There are no specific treatment options identified solely for MRM, but a combination of traditional migraine treatments, alternative therapies, and hormone-related strategies can be effective. 

  • Nonsteroidal anti-inflammatory (NSAID) drugs

OTC or prescribed NSAIDs, like ibuprofen and naproxen, can be a first line of defence in treating migraines, though they may not quite do the trick. A 2013 review of clinical trials showed that the effectiveness of naproxen often depends on the severity of the migraines and whether it’s being used in conjunction with other medications.

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Did you know you could have what's called a silent migraine without actually having a headache? Surprisingly, migraines can occur without the classic pulsing head pain. In fact, about 3 to 5% of people with chronic migraines experience such headache-free migraines , known as "silent migraines ."

Menstrual -related migraines affect up to 60 percent of women who experience any type of migraine . However, they may become worse following delivery due to sudden hormonal shifts. Headaches during pregnancy need special attention to make sure that the cause of the headache is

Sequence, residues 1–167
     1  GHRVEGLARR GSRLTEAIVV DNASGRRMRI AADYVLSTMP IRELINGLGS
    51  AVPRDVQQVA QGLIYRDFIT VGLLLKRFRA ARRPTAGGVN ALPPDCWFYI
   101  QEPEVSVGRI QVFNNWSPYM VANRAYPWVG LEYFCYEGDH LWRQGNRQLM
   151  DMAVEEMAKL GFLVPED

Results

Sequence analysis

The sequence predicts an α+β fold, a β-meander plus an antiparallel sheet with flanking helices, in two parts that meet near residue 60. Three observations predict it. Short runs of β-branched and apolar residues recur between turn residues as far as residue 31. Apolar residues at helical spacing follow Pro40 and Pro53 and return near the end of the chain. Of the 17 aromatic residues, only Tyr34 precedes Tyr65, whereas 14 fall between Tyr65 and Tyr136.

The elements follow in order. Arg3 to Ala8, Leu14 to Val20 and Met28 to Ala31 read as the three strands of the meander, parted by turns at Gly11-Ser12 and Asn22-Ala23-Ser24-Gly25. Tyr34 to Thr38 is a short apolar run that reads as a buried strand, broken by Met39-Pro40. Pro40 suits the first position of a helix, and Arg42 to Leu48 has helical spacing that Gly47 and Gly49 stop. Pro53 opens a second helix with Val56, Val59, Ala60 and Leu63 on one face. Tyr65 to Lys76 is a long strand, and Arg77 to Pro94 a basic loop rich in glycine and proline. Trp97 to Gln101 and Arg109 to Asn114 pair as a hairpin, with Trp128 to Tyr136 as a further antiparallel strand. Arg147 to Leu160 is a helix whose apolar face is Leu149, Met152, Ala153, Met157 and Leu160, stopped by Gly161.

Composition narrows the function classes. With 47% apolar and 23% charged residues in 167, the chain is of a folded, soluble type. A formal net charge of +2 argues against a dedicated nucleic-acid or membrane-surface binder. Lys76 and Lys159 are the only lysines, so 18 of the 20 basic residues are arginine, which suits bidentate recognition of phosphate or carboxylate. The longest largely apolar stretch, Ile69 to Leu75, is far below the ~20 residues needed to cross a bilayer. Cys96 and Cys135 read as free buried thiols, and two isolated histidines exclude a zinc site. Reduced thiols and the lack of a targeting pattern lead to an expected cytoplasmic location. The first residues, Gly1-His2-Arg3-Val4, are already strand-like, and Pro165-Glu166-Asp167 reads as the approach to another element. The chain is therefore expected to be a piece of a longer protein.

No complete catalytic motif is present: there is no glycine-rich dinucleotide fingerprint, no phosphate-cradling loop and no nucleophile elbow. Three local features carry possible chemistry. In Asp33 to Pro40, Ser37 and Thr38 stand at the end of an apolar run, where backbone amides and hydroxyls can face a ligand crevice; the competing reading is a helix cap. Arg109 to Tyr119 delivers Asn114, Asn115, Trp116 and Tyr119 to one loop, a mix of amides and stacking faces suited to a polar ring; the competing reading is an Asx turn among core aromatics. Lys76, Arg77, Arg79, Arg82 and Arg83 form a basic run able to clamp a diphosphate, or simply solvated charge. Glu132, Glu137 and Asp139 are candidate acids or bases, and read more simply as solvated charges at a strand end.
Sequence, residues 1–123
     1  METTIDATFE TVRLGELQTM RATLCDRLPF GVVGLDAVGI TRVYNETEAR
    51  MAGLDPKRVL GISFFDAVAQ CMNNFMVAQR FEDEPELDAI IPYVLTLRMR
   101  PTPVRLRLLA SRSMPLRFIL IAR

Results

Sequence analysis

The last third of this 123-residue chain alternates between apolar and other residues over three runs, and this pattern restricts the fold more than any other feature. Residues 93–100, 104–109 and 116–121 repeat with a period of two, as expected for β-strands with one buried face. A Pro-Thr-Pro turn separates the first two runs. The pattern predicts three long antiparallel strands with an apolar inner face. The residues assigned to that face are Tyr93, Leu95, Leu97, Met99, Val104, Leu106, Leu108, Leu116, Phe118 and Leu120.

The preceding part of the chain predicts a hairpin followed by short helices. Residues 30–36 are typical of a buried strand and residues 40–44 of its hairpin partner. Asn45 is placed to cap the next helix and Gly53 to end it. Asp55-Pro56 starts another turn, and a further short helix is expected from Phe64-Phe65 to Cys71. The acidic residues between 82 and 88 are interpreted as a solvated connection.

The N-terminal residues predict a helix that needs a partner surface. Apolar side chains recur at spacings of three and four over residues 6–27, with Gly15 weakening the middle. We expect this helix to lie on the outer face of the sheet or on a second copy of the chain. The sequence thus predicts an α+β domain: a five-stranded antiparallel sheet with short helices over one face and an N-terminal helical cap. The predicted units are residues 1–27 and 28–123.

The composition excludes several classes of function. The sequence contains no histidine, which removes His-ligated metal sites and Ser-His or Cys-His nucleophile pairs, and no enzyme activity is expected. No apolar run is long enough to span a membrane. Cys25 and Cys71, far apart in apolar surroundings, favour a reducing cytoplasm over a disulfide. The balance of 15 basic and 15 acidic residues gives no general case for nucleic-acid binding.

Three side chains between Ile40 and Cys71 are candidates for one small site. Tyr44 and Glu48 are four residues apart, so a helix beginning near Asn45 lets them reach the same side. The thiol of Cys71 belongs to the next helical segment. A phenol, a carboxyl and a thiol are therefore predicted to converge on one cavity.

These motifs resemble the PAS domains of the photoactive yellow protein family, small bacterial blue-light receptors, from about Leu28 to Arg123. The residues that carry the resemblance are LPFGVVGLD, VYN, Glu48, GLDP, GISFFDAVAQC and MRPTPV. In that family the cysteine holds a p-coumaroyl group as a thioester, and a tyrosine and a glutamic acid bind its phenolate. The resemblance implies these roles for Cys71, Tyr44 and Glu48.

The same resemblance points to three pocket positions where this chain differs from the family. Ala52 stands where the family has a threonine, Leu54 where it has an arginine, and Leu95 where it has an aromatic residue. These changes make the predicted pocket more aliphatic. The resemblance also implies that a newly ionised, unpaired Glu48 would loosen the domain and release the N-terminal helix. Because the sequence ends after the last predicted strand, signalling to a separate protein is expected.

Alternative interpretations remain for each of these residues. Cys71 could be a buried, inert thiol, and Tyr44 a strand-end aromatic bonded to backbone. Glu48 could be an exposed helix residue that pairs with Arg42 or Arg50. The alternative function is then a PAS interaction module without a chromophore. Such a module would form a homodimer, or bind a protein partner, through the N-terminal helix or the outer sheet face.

• Triptans

Triptans are a type of drug that work to reduce the swelling of blood vessels in the head, are one of the more popular prescription medication options for migraines.

“A long-acting triptan may be used preventively, beginning about a day before the expected onset of symptoms and continuing for the usual length of symptoms,” says Pavlovic. “For this method to work it is important that a patient have a regular menstrual cycle and keep a good headache diary, so she can calculate when her migraines are likely to start and can make a plan to avoid other triggers.” 

  • Transdermal estradiol

For women who don’t find much relief with non-hormone treatments, transdermal estradiol (like in an 0estrogen patch) can help. Since MRM is linked to low levels of oestrogen, raising those levels around the time that patients normally experience migraines is a potential solution.

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“[Transdermal estradiol] can be applied for a week, starting about five to seven days premenstrually and continuing through the second day of bleeding,” says Pavlovic. Again, this method is preventative, so it helps to be able to track and predict your menstruation. 

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Diagnosing menstrual or hormonal migraine can be tricky, since other contributing factors need to be ruled out. If menstrual migraine occurs frequently, it may be possible to take medication designed to prevent an attack, otherwise you may be prescribed medicine to take away the pain once it has started.